Being a routine motivated person, disruption to my routines spilled apples everywhere. Routine gives me a since of control and I don’t like it when things are out of control. I like things organized.

As I’m gathering the apples back up, I’m asking myself how I can better deal with disruptions in the future? Because I know who I am and how I operate, it’s up to me to decide.

I may need to replace some bad apples with some new ones.

We need to be careful that routines don’t become the reason that we’re doing things. It’s important to periodically step back, review what we’re doing and why we’re doing it.

A cart full of organized apples is no good if we don’t enjoy an apple pie once and a while.

Doing YOUR BEST is More Important Than Being “The Best”

It Takes Radical Commitment to Accomplish Excellence

Doing our best requires attention to detail.

Pastor Lee told a story of a restaurant that was striving for excellence in the workplace. They had a regular customer that ordered the same soup every time he came in. One day after his soup was brought, he asked the waiter to taste it. The waiter assured the customer that it was the same exact soup as always. The customer was adamant that the waiter taste it. Finally, the waiter gave in and then reached for the spoon and realized there wasn’t one. Of course, this was the customer’s point.

Amazing soup is no good without a spoon.

Doing our best requires commitment.

Last week I wrote about the reduction in commitment. Commitment is needed if we are going to do our best.

When Basketball Hall of Famer Larry Bird started playing ball, he was committed to working hard to be the best he could be. At 13 he would get out of bed early to go to the gym to practice free throws. He would shoot 500 free throws every morning before his first class.

He was one of the highest ranked free throw shooters over his 13-year career with an 89% average. That’s 9 out of every 10 shots.

Doing our best requires never quitting.

In Malcolm Gladwell’s book Outliers he says,

“In fact, by the age of twenty, the elite performers (violinists) had each totaled ten thousand hours of practice.” — p. 38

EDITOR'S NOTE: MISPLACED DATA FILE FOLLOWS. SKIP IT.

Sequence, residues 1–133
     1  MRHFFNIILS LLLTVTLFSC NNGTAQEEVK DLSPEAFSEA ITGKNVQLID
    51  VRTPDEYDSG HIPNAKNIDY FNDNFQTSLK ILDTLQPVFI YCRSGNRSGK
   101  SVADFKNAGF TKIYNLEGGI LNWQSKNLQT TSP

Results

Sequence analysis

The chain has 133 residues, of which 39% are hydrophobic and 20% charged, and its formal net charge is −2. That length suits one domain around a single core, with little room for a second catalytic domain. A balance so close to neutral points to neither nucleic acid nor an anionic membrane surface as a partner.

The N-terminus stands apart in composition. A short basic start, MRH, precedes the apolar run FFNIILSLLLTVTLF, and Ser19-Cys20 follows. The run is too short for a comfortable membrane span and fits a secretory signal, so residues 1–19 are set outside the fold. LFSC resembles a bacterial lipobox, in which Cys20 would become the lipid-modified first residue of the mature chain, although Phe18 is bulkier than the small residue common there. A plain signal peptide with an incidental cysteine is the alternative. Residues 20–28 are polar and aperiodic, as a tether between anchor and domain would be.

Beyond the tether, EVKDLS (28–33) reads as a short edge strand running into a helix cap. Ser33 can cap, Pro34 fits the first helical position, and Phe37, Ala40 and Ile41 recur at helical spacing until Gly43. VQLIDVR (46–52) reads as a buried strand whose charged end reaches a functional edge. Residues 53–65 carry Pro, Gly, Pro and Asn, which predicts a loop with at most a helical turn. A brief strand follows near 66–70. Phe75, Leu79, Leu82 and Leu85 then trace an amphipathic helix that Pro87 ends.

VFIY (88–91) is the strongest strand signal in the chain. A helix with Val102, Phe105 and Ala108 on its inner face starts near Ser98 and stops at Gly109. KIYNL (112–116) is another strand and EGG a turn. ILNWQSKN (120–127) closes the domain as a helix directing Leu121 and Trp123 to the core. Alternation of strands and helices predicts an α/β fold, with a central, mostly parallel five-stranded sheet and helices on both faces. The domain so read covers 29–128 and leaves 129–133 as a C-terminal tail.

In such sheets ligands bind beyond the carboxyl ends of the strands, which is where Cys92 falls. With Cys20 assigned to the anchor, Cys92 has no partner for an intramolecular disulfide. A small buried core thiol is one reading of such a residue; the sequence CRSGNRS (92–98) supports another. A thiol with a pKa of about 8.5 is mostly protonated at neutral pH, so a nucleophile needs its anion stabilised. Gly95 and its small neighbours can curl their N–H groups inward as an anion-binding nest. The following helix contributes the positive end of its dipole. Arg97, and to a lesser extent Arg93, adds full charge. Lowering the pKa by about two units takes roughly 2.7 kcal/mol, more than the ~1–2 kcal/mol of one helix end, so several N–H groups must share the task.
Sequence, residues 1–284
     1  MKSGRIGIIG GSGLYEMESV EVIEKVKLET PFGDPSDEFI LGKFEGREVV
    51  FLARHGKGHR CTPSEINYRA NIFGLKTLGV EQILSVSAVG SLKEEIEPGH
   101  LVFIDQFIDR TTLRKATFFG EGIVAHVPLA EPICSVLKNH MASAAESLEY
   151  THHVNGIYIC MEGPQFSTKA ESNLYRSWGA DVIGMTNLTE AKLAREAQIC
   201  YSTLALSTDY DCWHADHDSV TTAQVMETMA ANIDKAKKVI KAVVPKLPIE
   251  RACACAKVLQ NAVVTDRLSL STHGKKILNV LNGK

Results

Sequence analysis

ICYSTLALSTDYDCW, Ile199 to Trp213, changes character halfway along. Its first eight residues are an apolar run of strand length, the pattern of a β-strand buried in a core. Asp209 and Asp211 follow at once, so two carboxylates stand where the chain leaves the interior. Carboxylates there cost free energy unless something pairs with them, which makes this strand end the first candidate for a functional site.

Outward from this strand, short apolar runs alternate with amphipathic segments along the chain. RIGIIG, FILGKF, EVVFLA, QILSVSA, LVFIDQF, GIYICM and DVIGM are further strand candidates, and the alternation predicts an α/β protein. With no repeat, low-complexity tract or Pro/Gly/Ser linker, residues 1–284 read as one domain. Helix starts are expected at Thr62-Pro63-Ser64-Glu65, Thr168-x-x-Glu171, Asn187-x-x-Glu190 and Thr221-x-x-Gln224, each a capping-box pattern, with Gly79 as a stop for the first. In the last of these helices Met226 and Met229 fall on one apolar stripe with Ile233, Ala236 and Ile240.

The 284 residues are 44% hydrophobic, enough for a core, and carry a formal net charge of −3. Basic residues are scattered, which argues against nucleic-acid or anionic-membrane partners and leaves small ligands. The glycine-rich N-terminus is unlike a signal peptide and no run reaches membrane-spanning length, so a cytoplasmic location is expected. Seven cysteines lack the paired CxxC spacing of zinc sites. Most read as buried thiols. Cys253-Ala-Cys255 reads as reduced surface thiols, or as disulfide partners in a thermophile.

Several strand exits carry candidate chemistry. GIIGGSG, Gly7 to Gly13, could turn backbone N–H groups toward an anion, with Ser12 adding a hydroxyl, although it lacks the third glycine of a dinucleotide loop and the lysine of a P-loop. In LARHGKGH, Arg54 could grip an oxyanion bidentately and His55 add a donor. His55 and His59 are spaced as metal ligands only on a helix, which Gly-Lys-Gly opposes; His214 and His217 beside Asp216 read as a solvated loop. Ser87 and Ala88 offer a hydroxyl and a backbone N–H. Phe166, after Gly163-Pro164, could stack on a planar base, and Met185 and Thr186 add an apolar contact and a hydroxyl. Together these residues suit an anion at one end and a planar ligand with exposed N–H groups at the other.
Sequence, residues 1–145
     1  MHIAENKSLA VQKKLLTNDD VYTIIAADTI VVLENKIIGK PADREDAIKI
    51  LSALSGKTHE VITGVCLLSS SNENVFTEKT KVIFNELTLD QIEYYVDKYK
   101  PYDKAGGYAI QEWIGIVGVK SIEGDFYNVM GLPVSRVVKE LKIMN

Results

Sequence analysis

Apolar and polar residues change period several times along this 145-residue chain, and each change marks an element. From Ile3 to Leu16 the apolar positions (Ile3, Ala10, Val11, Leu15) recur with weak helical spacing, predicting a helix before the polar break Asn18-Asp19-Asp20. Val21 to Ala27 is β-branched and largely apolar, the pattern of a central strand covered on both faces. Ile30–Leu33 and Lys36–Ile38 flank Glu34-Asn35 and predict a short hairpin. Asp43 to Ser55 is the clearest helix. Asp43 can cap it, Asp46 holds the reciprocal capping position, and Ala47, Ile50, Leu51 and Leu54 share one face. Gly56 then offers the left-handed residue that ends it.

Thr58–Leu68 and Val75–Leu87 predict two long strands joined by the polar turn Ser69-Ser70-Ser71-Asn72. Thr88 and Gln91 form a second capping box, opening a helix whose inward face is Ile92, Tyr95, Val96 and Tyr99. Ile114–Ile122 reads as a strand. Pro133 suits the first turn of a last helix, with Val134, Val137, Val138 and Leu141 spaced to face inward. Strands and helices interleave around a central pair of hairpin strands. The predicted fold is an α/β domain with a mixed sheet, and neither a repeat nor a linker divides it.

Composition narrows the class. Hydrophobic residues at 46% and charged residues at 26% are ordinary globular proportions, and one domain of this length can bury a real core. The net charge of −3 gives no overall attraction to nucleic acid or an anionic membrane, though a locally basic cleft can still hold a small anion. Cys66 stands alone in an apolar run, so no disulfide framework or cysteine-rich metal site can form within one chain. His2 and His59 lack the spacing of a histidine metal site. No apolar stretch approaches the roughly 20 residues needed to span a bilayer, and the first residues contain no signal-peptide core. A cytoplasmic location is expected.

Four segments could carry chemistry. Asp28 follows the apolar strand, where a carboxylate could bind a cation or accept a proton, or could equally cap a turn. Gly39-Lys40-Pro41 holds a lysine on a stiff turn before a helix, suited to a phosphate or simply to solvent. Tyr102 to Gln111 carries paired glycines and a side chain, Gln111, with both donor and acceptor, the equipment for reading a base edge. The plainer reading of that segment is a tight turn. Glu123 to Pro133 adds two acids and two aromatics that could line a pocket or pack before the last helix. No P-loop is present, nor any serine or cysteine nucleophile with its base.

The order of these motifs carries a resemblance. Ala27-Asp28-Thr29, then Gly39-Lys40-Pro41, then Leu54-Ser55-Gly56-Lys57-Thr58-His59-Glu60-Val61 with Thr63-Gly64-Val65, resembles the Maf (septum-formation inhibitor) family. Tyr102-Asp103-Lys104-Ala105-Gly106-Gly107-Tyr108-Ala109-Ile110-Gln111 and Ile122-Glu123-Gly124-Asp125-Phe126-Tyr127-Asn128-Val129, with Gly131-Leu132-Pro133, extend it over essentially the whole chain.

“The emerging picture from such studies is that ten thousand hours of practice is required to achieve the level of mastery associated with being a world-class expert—in anything,” writes the neurologist Daniel Levitin. — p. 40

“To become a chess grandmaster also seems to take about ten years. (Only the legendary Bobby Fisher got to that elite level in less than that amount of time: it took him nine years.) And what’s ten years? Well, it’s roughly how long it takes to put in ten thousand hours of hard practice. Ten thousand hours is the magic number of greatness.” — p. 41

Never quitting requires overcoming obstacles.

Olympic gymnast Cathy Rigby shared a lesson her mother taught her about overcoming obstacles.

Her mother was stricken with polio when carrying her first child and was confined to a wheelchair and crutches. She never let that discourage her. She managed to raise five children and have a career as well.

Cathy was totally absorbed with gymnastics and by 1972 she was on the U.S. Women’s Gymnastics Team going to the Olympic Games in Munich. She could think of nothing but winning the gold medal.

After performing to the best of her ability, she didn’t win a gold medal and was crushed. After the winners were announced she joined her parents in the stands, all set for a big cry. She apologized and said, “I’m sorry. I did my best.”

“You know that, and I know that,” my mother said, “and I’m sure God knows that, too.” She smiled and said ten words that I never forgot:

“Doing your best is more important than being the best.”

We can never be the best this side of heaven, but we can do our best. Jesus is our example of being the best. Follow that example!

There’s a Reduced Level of Commitment…What Happened to it?

Not Keeping a Commitment is no Different Than Breaking a Promise

This past week, we discussed “confirmation” at a meeting at church. This is the process in the United Methodist Church where young people (early to mid-teens) publicly confirm their intention to live the vows made on their behalf at their baptism.

This process requires a commitment to attend ten to fifteen weekly classes as well as retreats, service projects and spiritual exercises. At the end of this process the person confirms their commitment going forward in front of the congregation.